The upside?  Synergy. While I have to be careful not to bore my teacher friends with talk of my writing, and vice versa, the triad of teaching, writing and parenting provide me with a constant feedback loop of inspiration. Take my kids, for example. Both have social and behavioral challenges which can be frustrating. But having studied behavioral analysis in graduate school and working daily with kids who have IEPs in the classroom, I am much better equipped to deal with them. On the flip side, when I am dealing with those students in the classroom, I have much more empathy for their situation and how I can help them to be successful because I know what works with my own kids. And both of those experiences feed into my writing.  I’m currently working on a picture book manuscript about a girl who refuses every invitation from her best friend– amusement parks, baseball games, sleepovers, you name it. She’s modeled on my younger son, whose first instinct to every new situation is “Not going.” I shared the story with one of my students at school — a girl who also struggles with anxiety– and she identified with my son’s struggle and gave me some insight I couldn’t get from a seven year old.

It’s been a long two weeks transitioning from the carefree summer, when I could spend much of my time focusing on writing, editing and feeding my creative soul with trips to the beach or the lake with my kids to the chaos of teaching high school full time.  I have been frustrated that I haven’t had time to send many queries to agents and publishers, and haven’t written a new manuscript or even a poem in two weeks. If you’re a writer with a full-time job, you’ve probably been where I am. But the kernel of hope in the chaos is that the busier life gets, the more material you are ultimately building for future use. I’m pretty sure I am going to get a killer idea pretty soon and then I will have to just make the time to get it written.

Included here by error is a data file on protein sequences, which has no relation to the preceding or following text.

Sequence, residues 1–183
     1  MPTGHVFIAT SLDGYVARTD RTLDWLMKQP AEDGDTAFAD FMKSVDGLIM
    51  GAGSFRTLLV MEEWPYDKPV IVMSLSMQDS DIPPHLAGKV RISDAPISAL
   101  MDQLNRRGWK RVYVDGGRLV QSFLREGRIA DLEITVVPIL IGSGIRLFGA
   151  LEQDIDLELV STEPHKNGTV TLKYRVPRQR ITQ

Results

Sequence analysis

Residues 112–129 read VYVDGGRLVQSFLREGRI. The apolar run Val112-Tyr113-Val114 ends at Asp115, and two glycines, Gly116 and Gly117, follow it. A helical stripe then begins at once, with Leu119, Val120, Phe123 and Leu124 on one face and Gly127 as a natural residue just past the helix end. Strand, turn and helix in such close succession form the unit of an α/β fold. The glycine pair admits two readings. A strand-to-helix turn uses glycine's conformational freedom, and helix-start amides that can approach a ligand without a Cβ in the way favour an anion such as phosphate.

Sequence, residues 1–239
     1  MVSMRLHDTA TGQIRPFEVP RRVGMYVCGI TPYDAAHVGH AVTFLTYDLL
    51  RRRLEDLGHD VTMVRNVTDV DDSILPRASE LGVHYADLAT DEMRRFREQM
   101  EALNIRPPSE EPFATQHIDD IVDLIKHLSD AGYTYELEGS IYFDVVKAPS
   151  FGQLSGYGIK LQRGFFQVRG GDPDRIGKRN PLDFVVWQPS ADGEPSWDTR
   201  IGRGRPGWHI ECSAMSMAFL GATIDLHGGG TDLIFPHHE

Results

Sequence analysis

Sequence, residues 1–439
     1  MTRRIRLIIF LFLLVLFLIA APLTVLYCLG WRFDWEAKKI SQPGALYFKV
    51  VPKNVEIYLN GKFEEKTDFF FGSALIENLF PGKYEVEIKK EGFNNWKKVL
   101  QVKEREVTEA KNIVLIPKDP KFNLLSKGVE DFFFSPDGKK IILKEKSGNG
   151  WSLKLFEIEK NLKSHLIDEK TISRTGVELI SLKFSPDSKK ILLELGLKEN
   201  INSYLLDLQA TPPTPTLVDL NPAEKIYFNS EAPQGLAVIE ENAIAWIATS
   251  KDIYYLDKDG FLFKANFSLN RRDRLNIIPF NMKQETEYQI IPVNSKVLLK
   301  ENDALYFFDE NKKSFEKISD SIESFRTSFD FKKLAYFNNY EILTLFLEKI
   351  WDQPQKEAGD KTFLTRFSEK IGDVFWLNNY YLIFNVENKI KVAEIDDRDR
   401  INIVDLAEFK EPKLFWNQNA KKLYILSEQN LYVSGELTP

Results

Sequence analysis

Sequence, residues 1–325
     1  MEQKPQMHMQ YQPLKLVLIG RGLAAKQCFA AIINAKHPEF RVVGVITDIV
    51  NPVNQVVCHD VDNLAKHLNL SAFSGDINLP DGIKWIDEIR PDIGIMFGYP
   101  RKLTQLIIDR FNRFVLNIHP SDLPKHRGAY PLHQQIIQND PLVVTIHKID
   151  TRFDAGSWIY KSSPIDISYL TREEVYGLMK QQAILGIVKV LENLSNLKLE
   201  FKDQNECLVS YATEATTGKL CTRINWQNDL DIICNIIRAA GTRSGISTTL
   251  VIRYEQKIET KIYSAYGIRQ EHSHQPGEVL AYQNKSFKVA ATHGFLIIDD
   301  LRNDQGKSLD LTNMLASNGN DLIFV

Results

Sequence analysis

Speaking of killer ideas, I’m going to have to start getting inspired soon, because there are two major picture book writing events coming up! #PBPitch (another twitter pitch fest) is coming on October 27 (pbpitch.com for more info!) Then of course, November is NaNoWriMo for the novel writers in the world, but PB author Tara Lazar hosts “PiBoIdMo” (Picture Book Idea Month) which I participated in last year and hope to do again this year. I’ll be coming up with a book idea every day for a month! Inspiration, do your stuff!

Even before I got married and had children, I was a big fan of the animated kids video series “Veggie Tales.”  I can appreciate the values, and there’s some great music as well as some nerdy and quirky humor (If you are a Tolkein fan, you might just appreciate “Lord of the Beans.”) The creators have a photo of their children in the opening credits with the caption “Why we do what we do.” In the end, all three of my jobs are all about the kids.

How does your day job intersect with your hobbies and/or parenting? I’d love to hear in comments!